Tiffany Olgun is a PhD student at Royal Holloway, University of London, researching the Dickensian dandy. In this post, she explores the language surrounding nineteenth-century English dandyism and the progression of the dandy from his Regency incarnation to his decadent form. The nineteenth-century English dandy is often portrayed as a man of pure surface and … Continue reading “Decadence and Debauchery: Undressing the Dandy Using the CLiC Web App”
Fe Brewer is an English teacher and Lead Mentor in Leicester. She is the co-author of Succeeding as an English Teacher (Bloomsbury 2021) and presents regularly on English subject knowledge and education. In this post, she explores how Dickens’ portrayal of children echoes contemporary changes around the concept of childhood.
Dr Rosalind White takes you through a quick-start guide exploring some of CLiC’s features. If you would prefer video instructions these instructions are available in a Twitter thread. You can also find further guidance on the help tab of the CLiC Web App. The CLiC Web App (Mahlberg et al. 2020) was designed specifically for the analysis … Continue reading “CLiC Quick-Start Guide”
Nat Reeve is a novelist and AHRC-funded PhD candidate at Royal Holloway, University of London. Their debut novel, Nettleblack, is out June 23rd 2022 with Cipher Press, with a sequel forthcoming in 2023. Nat’s PhD project is a queer reading of Elizabeth Siddal’s art and poetry, featuring unruly Books of Hours, tree-person hybrids, sapphic musicians … Continue reading “‘The Gumption I Write With’: The Chaotic Journals of (Neo)Victorian Characters”
Emma Curry (@EmmaLCurry on Twitter) completed her PhD thesis, titled “Language and the Fragmented Body in the Novels of Charles Dickens”, in 2016 at Birkbeck, University of London. Her research interests include Dickens, nineteenth-century fiction, digital humanities, the body in literature, and the history of emotions. During her time at Birkbeck she spearheaded the ‘Our Mutual Friend Tweets‘ project, … Continue reading “Dickens, Wooden Legs and the Dickensian Cyberspace”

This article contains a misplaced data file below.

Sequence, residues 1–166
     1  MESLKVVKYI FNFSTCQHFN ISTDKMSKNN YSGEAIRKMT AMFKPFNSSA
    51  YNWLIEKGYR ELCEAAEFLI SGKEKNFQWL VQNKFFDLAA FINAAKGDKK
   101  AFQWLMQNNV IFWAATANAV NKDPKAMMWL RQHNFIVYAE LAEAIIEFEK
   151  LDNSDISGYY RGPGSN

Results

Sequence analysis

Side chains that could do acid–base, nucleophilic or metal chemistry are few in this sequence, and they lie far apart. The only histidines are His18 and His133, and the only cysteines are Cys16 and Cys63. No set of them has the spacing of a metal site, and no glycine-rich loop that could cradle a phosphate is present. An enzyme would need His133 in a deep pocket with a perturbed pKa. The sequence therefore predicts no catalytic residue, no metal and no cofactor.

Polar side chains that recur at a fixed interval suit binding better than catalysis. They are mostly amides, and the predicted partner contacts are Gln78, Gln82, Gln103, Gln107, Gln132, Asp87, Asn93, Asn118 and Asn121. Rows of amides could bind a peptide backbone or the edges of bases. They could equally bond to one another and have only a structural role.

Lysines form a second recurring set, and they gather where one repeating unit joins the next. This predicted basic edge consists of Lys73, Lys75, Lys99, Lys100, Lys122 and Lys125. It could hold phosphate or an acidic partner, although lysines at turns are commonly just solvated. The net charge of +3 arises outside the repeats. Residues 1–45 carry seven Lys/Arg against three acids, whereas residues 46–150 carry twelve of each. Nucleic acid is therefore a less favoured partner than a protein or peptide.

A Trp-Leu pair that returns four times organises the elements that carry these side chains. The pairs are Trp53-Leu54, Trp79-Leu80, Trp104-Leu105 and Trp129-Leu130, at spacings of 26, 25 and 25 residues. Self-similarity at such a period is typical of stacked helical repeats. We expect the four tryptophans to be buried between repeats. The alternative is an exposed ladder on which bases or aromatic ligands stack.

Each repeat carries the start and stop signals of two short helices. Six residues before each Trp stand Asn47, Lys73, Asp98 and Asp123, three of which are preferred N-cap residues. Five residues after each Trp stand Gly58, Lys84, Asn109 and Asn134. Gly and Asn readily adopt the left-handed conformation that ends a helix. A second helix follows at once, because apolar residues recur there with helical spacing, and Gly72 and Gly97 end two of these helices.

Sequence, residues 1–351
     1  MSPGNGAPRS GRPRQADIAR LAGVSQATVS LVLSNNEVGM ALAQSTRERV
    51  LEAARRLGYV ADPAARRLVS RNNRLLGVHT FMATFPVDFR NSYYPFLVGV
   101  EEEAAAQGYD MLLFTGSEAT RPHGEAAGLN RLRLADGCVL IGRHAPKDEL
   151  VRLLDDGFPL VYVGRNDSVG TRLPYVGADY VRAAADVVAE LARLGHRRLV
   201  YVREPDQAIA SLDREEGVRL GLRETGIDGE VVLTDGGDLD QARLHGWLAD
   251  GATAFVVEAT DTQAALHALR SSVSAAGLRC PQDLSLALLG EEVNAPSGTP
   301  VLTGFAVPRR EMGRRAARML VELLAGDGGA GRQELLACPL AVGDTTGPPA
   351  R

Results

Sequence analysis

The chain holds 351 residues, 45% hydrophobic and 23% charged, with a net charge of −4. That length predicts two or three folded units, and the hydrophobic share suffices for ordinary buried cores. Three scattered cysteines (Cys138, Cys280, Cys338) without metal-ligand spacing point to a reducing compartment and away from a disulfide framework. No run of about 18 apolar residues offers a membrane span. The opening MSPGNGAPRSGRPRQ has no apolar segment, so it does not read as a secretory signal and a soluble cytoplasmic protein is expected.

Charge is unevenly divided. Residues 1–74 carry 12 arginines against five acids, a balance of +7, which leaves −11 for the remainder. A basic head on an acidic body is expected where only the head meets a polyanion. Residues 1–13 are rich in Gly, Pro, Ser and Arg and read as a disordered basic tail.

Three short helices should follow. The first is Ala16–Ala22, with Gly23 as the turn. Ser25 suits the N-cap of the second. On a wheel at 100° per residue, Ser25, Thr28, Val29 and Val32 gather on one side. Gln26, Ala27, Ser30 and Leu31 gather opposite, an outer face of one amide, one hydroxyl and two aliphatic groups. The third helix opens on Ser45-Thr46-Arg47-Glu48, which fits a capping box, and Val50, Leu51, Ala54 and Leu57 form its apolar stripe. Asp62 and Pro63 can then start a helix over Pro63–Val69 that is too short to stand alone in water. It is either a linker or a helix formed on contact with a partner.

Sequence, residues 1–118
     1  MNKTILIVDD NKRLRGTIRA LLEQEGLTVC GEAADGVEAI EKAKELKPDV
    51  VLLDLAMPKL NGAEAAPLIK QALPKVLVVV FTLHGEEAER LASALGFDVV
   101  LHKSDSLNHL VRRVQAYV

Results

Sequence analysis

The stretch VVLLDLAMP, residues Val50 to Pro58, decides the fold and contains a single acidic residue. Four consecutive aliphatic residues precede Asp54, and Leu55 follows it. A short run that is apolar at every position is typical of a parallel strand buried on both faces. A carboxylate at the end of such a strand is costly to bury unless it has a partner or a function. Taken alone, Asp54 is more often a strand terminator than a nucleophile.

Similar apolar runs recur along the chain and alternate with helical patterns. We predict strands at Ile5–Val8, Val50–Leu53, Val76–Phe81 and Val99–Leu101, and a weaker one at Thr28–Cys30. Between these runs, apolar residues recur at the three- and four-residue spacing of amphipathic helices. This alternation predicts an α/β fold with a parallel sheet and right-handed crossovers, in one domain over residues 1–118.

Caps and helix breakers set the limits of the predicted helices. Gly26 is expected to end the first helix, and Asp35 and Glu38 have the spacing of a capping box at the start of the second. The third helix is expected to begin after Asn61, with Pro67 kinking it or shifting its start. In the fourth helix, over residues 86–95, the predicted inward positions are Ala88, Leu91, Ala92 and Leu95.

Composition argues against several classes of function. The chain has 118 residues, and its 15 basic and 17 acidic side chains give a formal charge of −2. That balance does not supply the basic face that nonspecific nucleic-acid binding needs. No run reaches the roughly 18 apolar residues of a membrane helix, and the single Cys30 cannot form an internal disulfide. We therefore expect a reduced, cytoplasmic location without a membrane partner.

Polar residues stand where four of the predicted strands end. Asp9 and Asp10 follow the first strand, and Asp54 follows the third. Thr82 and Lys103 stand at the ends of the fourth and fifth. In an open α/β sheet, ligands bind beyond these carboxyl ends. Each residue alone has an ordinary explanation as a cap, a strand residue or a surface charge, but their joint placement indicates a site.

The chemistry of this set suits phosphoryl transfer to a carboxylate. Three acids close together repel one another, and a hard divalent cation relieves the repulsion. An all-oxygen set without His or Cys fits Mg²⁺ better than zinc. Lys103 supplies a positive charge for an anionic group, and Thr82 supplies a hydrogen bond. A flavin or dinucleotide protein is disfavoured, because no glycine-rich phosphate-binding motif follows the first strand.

Lorraine Adriano has taught in secondary schools in England and Italy. She was curriculum leader for KS3 and Head of Department, developing schemes of work and assessments. Lorraine now teaches English language and English literature years 7-13 at Bishop Walsh Catholic Secondary School. She is an examiner for both English language and English literature at GSCE and is … Continue reading “CLiC in the classroom”
We are very pleased to announce a CLiC guest post on the PH blog, the blog accompanying the widely popular Programming Historian (PH) digital tutorials. In our guest post, we explain how the KWICGrouper feature in CLiC can be used to explore textual patterns that are shared across novels and point to socially and culturally relevant behaviours and … Continue reading “CLiC guest post on the ‘Programming Historian’ blog about the ‘fireplace pose’ in 19th century fiction”
In May 2017 the CLiC web app was updated with a new function in the ‘Concordance’ tab: the KWICGrouper. The concordance is a basic display format in corpus linguistics. It is also a powerful tool in revealing language patterns that are not visible in running text, or in Sinclair’s famous words: “The language looks rather … Continue reading “Video: Introducing the CLiC KWICGrouper function to group concordance lines”